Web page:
All About Earth’s Crust

Comprising the outermost solid shell of our globe, the crust of the Earth is a quite thin layer of rock. Relative speaking, its thickness is similar that of an apple’s skin. Though it makes less than half of 1% of the mass of the earth overall, it is nonetheless essential in most natural cycles on the globe.

In certain areas the crust could be less than one kilometer thick and thicker than 80 kilometers in others. Beneath it is the mantle, a layer of silicate rock roughly 2700 kilometers thick. The mantle makes up most of the planet.

There are several varieties of rocks in the crust, mostly falling into three main groups: igneous, metamorphic, and sedimentary. Still, most of those rocks started off as either granite or basalt. Underneath lies a peridotite mantle. Deeply in the mantle is the most often occurring mineral on Earth: bridgmanite.

How Are We Certain the Earth Has a Crust?

Early in the 1900s, we learned the Earth had a crust. Until then, all we knew was that, at least from astronomical observations, our planet wobbles in respect to the heavens as though it had a sizable, dense core. Then along came seismology, which introduced seismic velocity as a fresh kind of evidence from below.

Seismic velocity gauges the speed with which earthquake waves pass through the various materials—that is, rocks—below the surface. Seismic speed inside the Earth usually rises with depth, with a few significant exceptions.

About 50 kilometers deep in the Earth, a paper by seismologist Andrija Mohorovicic revealed an abrupt change in seismic velocity — a form of discontinuity. The same way light behaves at the discontinuity between water and air, seismic waves bounce off it (reflect) and bend (refract). The acknowledged limit separating the crust from the mantle is that discontinuity known as the Mohorovicic discontinuity, or “Moho”.

Plates and “Crispes”

Not the same are the crust and tectonic plates. Thicker than the crust, plates comprise the crust plus the shallow mantle right under it. In scientific Latin, this hard and brittle two-layered mix is known as the lithosphere (“stony layer”). The asthenosphere (“weak layer”) of softer, more pliable mantle rock lies underneath the lithospheric plates. The asthenosphere lets the plates slink slowly over it like a raft across thick mud.

We are aware that two main types of rocks define the outer layer of the Earth: granitic and basaltic ones. Granitic rocks form the continents; basaltic rocks lay beneath the sea floor. Measuring in the lab, we find that the seismic velocities of these rock forms mirror those observed in the crust down as far as the Moho. We thus have great confidence that the Moho represents a genuine shift in rock chemistry. The Moho is not a perfect barrier since some mantle and crustal rocks can pass for each other. Still, everyone who discusses the crust—in seismological or petrological terms—finally means the same thing.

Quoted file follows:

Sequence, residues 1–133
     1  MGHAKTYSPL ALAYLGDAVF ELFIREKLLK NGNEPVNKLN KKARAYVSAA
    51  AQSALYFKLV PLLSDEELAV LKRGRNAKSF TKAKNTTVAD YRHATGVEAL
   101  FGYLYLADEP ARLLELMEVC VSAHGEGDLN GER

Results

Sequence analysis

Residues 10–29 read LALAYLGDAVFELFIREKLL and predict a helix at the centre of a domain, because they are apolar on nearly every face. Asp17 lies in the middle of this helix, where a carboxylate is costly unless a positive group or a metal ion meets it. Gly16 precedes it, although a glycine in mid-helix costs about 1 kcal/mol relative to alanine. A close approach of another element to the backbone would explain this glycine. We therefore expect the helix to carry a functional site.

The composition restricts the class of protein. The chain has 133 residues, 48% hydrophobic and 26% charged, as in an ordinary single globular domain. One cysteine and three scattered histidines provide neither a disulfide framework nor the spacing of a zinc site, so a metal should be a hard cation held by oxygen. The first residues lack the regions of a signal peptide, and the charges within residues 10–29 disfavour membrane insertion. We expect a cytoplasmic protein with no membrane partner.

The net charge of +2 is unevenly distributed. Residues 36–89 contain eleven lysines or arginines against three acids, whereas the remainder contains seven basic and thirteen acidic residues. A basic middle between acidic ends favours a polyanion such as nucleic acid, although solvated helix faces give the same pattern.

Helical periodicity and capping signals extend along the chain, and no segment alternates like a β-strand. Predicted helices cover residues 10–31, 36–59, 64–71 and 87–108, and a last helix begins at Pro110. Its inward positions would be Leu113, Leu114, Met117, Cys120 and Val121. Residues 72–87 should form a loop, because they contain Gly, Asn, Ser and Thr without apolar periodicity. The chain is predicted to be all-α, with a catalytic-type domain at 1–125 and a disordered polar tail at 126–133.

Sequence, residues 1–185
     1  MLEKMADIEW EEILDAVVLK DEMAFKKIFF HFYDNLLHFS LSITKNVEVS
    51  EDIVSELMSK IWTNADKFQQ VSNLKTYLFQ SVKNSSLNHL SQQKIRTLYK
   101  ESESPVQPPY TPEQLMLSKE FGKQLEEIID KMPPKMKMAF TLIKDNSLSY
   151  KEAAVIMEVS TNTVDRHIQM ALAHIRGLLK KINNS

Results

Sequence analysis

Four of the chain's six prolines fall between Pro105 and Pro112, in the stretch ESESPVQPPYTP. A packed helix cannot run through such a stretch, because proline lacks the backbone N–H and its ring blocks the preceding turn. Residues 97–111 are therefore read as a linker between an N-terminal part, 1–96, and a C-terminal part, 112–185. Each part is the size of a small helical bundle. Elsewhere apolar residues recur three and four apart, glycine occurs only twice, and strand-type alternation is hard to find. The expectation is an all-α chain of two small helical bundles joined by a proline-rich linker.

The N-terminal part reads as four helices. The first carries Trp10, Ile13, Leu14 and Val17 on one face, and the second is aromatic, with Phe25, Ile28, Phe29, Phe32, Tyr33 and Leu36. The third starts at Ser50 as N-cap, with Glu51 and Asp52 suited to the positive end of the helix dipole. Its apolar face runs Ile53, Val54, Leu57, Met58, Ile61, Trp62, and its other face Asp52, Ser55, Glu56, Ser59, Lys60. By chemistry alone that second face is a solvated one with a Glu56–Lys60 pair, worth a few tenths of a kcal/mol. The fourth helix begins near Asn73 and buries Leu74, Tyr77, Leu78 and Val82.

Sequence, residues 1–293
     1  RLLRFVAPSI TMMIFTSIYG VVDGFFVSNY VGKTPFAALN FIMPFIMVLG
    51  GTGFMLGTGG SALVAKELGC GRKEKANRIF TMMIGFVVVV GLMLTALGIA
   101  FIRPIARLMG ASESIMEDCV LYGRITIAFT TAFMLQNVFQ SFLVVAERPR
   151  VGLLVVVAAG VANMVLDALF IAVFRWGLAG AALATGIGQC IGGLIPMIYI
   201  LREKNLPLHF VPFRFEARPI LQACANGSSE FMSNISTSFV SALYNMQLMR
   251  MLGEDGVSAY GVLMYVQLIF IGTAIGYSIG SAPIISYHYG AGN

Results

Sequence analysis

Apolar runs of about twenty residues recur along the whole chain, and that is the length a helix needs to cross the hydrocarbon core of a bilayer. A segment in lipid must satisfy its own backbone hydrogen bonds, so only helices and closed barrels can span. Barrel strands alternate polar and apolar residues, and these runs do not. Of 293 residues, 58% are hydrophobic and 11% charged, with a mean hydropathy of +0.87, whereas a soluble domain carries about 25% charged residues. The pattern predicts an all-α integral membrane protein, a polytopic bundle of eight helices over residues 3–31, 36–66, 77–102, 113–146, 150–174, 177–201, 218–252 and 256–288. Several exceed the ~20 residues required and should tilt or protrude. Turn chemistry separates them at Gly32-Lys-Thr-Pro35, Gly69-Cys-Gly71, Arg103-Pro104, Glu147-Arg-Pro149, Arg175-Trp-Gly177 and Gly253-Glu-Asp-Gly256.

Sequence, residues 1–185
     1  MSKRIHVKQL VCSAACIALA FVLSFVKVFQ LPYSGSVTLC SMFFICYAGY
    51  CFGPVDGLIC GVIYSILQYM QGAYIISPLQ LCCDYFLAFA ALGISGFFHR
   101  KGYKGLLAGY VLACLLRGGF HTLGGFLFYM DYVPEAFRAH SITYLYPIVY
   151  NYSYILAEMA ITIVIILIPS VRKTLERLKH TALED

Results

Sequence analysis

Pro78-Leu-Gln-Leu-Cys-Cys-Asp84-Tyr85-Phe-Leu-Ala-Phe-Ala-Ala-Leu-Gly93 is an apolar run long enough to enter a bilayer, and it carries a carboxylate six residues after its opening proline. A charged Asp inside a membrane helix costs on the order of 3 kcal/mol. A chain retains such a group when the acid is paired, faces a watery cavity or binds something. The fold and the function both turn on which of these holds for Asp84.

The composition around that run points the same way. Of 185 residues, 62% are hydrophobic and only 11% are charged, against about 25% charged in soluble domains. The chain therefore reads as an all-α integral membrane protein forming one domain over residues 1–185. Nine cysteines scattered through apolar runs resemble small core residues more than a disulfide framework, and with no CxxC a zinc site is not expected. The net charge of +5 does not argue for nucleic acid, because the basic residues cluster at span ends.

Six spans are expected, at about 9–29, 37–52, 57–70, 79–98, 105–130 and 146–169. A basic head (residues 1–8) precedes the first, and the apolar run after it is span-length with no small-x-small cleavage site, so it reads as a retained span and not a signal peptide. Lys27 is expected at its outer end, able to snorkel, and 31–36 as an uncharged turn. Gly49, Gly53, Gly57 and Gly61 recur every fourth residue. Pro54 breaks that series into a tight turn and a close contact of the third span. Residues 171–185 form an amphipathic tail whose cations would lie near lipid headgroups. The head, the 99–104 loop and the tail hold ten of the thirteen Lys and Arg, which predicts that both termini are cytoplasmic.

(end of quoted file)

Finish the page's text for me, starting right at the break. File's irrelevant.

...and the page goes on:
Generally speaking, then, there exist two types of crust: continental (granitic) and oceanic (basaltic).

Oceanic Crust

About sixty percent of the surface of Earth is covered in oceanic crust. Thin and youthful, oceanic crust is no more than around 20 km thick and ages no more than 180 million years. Subduction has carried everything older beneath the continents. Born at the mid-ocean ridges when plates are driven apart, oceanic crust…

Continental Crust

Covering over 40 percent of the world, continental crust is massive and ancient, on average roughly 50 km thick and about 2 billion years old. Whereas most of the continental crust is accessible to the air, practically all of the oceanic crust is submerged.

What the Crust Implies

Thin but vital, the crust is where new types of minerals and rocks are created as dry, heated rock from the deep Earth mixes with the water and oxygen of the surface. Here is also where plate-tectonic action mixes and scrambles these fresh rocks and pumps chemically active fluids into them. At last, life resides in the crust; this influences rock chemistry greatly and has own mechanisms of mineral recycling. From metal ores to deep strata of clay and stone, all of the fascinating and worthwhile variety in geology finds its place in the crust and nowhere else.

It should be mentioned that other planetary bodies have a crust besides Earth. One also exists for Venus, Mercury, Mars, the Earth’s Moon.

Though far thinner than the other layers, the crust of the Earth is shockingly dynamic and sophisticated. It is an interesting field of research since it interacts constantly with the mantle, the atmosphere, even life itself. Comprehending earthquake, volcanoes, and the creation of the landscapes defining our globe depends on an awareness of the crust.